"The plan is to have it properly mothballed until such time it can be used again," said Clay Boardman, one of the new owners. "But it will be protected."
The 10-story, limestone and stucco-faced building opened in 1914 as The Chronicle Building, the headquarters of The Augusta Chronicle.
It was gutted during the 1916 fire and became the Marion Building in 1921 after its acquisition by Jacob Phinizy.
Its purchase by Marion Partners LLC represents an equal ownership between Boardman and Barry Storey, a managing partner with Hull Storey Gibson Cos. LLC.
The previous owners, Bettis Rainsford and Bryan Haltermann, acquired the building 19 years ago and were interested in selling.
"They wanted to get out, and I wasn't really looking to get in, but it was available, and I think it was a pretty good deal," Boardman said.
The purchase price, according to Richmond County property records, was $200,000.
Current stabilization efforts include replacing the roof, restoring windows and gutting portions of the interior, he said. "We want to create a nice, dry shell."
Contractors received permission from the Augusta Historic Preservation Commission in March for limited demolition that included removal of a former restaurant behind the building, said Erick Montgomery, the executive director of Historic Augusta Inc.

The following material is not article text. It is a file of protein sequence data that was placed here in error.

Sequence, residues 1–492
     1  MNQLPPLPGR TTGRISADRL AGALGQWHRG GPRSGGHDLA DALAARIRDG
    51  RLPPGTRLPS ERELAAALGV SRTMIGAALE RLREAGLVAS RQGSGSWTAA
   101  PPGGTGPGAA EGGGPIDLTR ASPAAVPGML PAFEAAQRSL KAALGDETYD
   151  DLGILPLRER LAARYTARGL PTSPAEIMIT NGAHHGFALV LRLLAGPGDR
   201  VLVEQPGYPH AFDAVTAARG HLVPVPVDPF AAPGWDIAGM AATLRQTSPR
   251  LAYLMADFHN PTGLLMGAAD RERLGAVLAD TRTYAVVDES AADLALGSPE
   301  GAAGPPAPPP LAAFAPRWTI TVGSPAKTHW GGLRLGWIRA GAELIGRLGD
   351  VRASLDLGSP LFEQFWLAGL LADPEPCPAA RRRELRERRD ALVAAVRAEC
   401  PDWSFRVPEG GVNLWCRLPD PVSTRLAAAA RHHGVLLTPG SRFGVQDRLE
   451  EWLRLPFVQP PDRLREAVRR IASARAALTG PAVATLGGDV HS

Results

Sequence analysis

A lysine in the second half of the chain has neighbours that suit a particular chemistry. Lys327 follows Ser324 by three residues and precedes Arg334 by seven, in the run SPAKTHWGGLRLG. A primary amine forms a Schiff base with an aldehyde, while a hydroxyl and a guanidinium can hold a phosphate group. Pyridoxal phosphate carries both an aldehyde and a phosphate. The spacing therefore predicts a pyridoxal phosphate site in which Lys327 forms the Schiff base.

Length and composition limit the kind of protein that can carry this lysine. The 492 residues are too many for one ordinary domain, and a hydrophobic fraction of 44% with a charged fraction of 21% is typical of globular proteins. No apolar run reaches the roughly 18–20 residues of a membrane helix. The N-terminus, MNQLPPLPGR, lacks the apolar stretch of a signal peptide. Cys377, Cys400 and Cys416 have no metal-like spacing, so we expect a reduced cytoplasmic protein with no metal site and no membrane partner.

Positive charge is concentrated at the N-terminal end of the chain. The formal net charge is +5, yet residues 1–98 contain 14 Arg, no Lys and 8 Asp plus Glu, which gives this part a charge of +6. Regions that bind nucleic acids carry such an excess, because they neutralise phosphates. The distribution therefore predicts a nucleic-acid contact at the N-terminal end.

Boardman said there are no definite plans for the building.
"We don't want to create any expectations that something will happen anytime soon," he said. "We're probably looking about five years out, and we will have to see what is in demand at that point.
"Right now, we don't know."
Possibilities include retail fronting on Broad Street, with offices on the lower floors and apartments or condominiums in the upper stories, he said, noting that the previous owners had drawn up plans long ago to convert the building to housing.
Challenges to redevelopment include a lack of parking and the need for major upgrades in the building's elevators and other primary systems.